Last spring, representatives from the University of California, Davis, made 20 trips to China to encourage admitted students to accept their offer to study in the United States.
The director of admissions at UC Santa Cruz met one young man in New Delhi, India, who had traveled hundreds of miles to make the case that he belonged at the coastal university thousands of miles from his home.
Overseas students interested in UC Riverside can request a Skype appointment with one of six international admissions counselors.
Pushed to look for alternative sources of revenue amid the deep budget cuts of the economic recession, schools in the UC system increasingly are recruiting nonresident applicants, who likely will make up a fifth of all freshman for fall 2014.
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Even as state funding has begun to recover, campuses rely on substantial additional fees paid by out-of-state and international students who have brought in hundreds of millions of dollars for the university system in recent years.
Despite criticism from some parents and politicians, admissions officers at UC’s nine undergraduate campuses defend the shift as a mutually beneficial strategy, allowing them to broaden the undergraduate population with diverse perspectives and subsidize more seats for California students.
Walter Robinson, who directs undergraduate admissions at UC Davis, said it’s a necessary strategy in the current higher education environment.
“Is it really worthwhile to have people all over the country and all over the world, going in and out of all of these countries, recruiting students?” said Robinson, who took part in visits to Hong Kong, Hangzhou, Shanghai and Beijing last year. “The answer to that is absolutely. It’s working out marvelously.”
The University of California has always had students from outside the state, especially at its flagship campuses in Berkeley and Los Angeles.
But their share has grown rapidly following the recession. In 2010, the UC Board of Regents issued a report recommending the university increase its proportion of nonresident students, who pay an additional $22,878 annually on top of $12,192 in tuition.
That directive spurred a variety of responses at the nine campuses, which individually manage their enrollment strategies. Some jumped enthusiastically into expanding their nonresident student populations, while others took a more limited approach.
Even schools with a tiny number of students from outside California, however, are talking about growing that presence.
“The conversation was propelled by the declining budget situation in California, but this is a win-win situation,” said Youlonda Copeland-Morgan, assistant vice chancellor for enrollment management at UCLA. “The added value is that students from different geographies have always contributed richly to the classroom environment.”
Nonresident students may make up about 13 percent of UC undergraduates this year, according to Nathan Brostrom, UC’s executive vice president for business operations, up from 4 percent a decade ago. The number will likely climb higher as international and out-of-state students become a growing share of freshman classes. Data about statements of intent to register released in July suggest that this fall’s incoming class could have a record 20.2 percent nonresidents.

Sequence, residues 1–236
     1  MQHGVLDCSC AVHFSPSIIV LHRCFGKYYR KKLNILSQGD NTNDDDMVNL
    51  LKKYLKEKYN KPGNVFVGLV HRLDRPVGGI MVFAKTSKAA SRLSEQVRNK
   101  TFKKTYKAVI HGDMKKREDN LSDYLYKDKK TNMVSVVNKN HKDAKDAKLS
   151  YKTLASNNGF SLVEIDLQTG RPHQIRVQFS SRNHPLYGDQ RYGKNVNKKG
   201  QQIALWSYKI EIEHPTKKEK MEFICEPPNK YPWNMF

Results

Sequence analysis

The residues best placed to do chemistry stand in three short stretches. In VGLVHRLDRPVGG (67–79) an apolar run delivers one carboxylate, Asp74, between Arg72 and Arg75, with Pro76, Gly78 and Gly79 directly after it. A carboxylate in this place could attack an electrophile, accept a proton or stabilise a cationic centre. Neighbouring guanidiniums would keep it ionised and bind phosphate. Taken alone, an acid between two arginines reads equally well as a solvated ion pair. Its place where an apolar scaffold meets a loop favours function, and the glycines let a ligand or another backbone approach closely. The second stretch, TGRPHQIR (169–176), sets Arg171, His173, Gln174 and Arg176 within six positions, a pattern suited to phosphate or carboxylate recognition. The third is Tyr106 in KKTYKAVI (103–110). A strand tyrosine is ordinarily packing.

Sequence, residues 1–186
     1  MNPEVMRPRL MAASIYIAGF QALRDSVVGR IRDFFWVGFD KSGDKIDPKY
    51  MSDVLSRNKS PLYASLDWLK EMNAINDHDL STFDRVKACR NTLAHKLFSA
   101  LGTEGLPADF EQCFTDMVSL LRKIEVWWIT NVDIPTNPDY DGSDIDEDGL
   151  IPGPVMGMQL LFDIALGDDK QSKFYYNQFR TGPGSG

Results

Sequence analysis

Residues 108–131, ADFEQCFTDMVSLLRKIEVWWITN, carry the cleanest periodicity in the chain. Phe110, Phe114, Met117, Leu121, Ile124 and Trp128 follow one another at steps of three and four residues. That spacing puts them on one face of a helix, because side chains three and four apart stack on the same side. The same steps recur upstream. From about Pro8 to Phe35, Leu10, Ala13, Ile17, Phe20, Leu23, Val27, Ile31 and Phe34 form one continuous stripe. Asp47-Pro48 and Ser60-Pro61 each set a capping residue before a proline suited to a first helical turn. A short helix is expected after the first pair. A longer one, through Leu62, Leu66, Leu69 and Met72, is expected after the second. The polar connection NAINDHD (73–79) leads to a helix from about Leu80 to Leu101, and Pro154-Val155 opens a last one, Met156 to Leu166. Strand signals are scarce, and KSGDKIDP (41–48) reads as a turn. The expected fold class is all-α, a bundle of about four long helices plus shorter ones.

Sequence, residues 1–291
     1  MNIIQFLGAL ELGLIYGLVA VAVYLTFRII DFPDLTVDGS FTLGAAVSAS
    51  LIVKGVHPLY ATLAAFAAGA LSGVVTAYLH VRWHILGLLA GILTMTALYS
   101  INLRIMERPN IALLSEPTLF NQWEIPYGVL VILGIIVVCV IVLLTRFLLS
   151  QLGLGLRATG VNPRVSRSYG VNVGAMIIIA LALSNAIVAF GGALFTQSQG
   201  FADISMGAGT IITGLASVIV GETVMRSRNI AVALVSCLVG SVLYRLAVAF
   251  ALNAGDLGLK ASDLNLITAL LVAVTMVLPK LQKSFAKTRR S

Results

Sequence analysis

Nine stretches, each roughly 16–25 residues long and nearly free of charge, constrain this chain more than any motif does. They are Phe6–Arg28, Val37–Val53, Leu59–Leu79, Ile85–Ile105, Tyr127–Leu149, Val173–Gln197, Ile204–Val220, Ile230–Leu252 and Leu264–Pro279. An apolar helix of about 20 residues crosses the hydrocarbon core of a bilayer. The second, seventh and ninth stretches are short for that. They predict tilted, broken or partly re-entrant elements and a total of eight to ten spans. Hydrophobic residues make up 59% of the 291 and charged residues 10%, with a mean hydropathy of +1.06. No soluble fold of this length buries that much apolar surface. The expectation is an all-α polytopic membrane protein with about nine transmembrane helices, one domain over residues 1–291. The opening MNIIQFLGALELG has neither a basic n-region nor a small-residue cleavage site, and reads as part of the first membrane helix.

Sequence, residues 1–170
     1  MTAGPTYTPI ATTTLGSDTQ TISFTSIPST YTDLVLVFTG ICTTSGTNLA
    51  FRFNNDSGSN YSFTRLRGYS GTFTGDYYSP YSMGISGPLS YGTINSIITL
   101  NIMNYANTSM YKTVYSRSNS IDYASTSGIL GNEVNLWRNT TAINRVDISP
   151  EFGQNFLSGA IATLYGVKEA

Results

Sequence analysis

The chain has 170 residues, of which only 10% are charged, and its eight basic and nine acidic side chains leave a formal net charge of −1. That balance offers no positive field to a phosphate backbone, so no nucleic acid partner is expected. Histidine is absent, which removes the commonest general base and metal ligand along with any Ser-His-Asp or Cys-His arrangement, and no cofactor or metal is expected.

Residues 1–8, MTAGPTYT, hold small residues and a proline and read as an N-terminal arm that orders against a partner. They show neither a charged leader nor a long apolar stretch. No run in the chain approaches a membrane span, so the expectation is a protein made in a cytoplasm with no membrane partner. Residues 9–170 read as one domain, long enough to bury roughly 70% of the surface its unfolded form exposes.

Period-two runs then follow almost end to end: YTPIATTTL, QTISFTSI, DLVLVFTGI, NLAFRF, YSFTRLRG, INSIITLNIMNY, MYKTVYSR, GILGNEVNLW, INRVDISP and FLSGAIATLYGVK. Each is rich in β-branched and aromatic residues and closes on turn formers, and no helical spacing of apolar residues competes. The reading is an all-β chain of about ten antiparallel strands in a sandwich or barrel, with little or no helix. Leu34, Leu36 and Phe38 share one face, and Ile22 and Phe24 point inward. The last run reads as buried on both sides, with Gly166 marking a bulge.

That’s still less than other top public universities, such as the University of Michigan, where more than 40 percent of students are from outside the state. But the move has raised concerns that Californians are being pushed out of the UC system.
From 2010 to 2013, overall freshman enrollment of California students at UC campuses increased slightly, to 34,002 from 32,807. Enrollment varied at individual campuses from year to year, however, and five schools had fewer resident freshmen last year than in 2007. Most notably, Berkeley had almost 18 percent fewer.
“California students are being turned away,” said Patrick Callan, president of the Higher Education Policy Institute, a nonprofit research group in San Jose. It sends “the message that the university is less available to Californians,” he said, which could undermine UC’s long-term prospects of getting more state financial support.
The trend worries parents like Patricia Preston of Orangevale.
Her daughter applied to mechanical engineering programs at Davis, Irvine, Santa Barbara and Riverside last year, and was not accepted to any of them, despite a 4.1 weighted grade-point average and a score of about 2000 out of 2400 on the SAT. She’s headed to Northwestern University in the fall.
“That’s a high-caliber candidate,” Preston said. “Maybe they’re not perfect, but that’s not somebody we would say is not qualified for those programs.”
She said the university is betraying its mission by limiting opportunities for California students, especially in the in-demand technical fields that draw the most overseas students.
“We created those institutes, we built the infrastructure for it,” she said. Now they’re “training somebody else’s workforce that is not going to stay and benefit California.”
Marguerite Roza, a researcher at the Center on Reinventing Public Education in Washington, D.C., who studied similar efforts at the University of Washington, said the approach prioritizes non-residents over in-state students, some of whom might be willing to pay higher tuition for a slot.
Out-of-state and international students are “not taking a subsidized spot, but they are taking a spot at the university,” she said. “If their objective is to maximize the number of in-state students that they want to serve, then there are alternatives they should be considering.”
She suggested tiered tuition as a possibility, where families willing to pay the equivalent of nonresident fees could do so.